So we have lots of lists going to lots of people and every time when a new end user is added or they want something different then actually you have to in and create that output. So I was thinking wouldn't it be nice, if at the end of these processes, we take all the clients, all their scores, stick them here, and then instead of me sending out or writing modules to automatically send out lists to people. How about everybody goes to this one spot, they pick what they want, they could pick their models, their scores, their client attributes, and they get more of a self-service type thing.

Now the requirements is that the data retrieval has to be fast so you can imagine with 600,000 clients, two dozen models, the data set gets both very long and very wide, quickly. So data retrieval could be an issue. Now using the traditional Alteryx tools, the YXDBs, and filtering for what you need. It goes pretty darn fast even with that but I think now it's time to investigate moving over to Calgary. If you notice in your tool palette there's a Calgary palette and what that does instead of outputting data to a YXDB, it'll help put it to a CYXB. And they call it Calgary, I'm assuming, because Calgary is a very large area and we're talking about very large data sets.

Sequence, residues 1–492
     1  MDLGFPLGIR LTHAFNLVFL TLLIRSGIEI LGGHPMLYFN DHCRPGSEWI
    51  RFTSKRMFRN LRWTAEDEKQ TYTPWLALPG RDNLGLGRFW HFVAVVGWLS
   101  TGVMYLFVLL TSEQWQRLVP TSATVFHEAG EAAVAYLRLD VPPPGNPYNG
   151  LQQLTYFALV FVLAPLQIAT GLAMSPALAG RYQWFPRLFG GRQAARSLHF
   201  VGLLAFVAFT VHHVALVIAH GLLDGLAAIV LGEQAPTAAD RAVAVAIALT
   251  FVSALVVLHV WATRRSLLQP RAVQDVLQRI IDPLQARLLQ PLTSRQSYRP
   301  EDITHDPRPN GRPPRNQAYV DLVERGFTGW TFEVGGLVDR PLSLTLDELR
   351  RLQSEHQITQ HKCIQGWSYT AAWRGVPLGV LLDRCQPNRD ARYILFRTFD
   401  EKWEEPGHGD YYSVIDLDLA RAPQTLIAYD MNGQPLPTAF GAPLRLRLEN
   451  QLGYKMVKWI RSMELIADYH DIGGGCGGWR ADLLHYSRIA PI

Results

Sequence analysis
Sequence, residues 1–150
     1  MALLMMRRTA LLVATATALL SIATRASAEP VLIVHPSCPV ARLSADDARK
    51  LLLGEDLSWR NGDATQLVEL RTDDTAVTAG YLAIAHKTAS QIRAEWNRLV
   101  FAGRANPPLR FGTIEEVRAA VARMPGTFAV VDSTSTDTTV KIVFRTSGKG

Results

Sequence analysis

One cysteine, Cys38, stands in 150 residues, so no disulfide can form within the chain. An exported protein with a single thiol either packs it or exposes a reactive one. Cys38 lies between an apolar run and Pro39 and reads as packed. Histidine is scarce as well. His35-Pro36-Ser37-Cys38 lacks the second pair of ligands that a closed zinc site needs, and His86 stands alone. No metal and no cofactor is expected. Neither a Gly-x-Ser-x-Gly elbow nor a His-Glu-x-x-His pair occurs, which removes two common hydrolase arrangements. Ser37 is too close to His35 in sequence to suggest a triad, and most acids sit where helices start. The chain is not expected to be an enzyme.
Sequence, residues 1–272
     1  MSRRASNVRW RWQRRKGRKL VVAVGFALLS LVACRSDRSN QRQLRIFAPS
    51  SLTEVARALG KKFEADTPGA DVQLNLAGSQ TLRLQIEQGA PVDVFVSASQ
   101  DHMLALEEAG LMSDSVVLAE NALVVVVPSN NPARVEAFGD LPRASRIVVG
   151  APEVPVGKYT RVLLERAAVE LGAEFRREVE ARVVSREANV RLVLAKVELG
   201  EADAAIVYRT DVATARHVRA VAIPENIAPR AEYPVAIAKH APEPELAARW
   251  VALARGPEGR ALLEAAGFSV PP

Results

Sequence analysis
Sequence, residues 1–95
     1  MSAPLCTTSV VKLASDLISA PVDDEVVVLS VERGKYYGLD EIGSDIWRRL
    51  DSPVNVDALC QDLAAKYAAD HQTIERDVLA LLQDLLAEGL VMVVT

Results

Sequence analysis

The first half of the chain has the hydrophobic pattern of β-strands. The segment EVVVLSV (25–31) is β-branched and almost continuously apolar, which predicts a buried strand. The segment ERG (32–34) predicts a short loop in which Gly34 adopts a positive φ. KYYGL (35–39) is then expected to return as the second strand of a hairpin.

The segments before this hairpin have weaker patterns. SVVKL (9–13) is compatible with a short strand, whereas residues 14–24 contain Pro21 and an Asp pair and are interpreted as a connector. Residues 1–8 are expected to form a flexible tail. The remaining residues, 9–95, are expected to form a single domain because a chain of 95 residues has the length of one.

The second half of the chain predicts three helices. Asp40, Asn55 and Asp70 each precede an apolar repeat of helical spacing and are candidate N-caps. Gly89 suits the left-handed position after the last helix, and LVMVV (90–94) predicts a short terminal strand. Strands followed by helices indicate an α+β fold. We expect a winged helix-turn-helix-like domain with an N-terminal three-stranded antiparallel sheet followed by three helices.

And it's a very... You can think of it as a very heavily indexed YXDB so when you are retrieving data from there, using those fields that are indexed, it's exponentially faster than a YXDB. Now they do state that, probably not recommended for under 200 million records only because it's not that much faster and indeed in this App that I am building, the YXDB performs pretty quickly. We're talking a little over a minute which is very good for all those records. But if you're setting a process, setting it and forgetting it. A few seconds here or there doesn't matter. But when you're a user staring at a screen waiting for this data to come back, seconds count.

So I thought I'd try the YXDB and they actually brought it down to 20 seconds depending on what's going on in the server, it could be 10 to 15 seconds. So it's a lot faster.

Now folder and data structure. Again people always ask "How do you keep everything straight?" For this particular application what I did was I started with a high level folder which is what I'll call the App. And then I have three sub-folders, one is the load, that's where we do the ETL, get all the data from all the sources, have it output to the YXDBs or the CYDBs as the case may be. And all the outputs go into the data folder. And then the App is just the App itself so the load is where we get the data, the data is where we put the data, and the App is what draws the data out of the folder.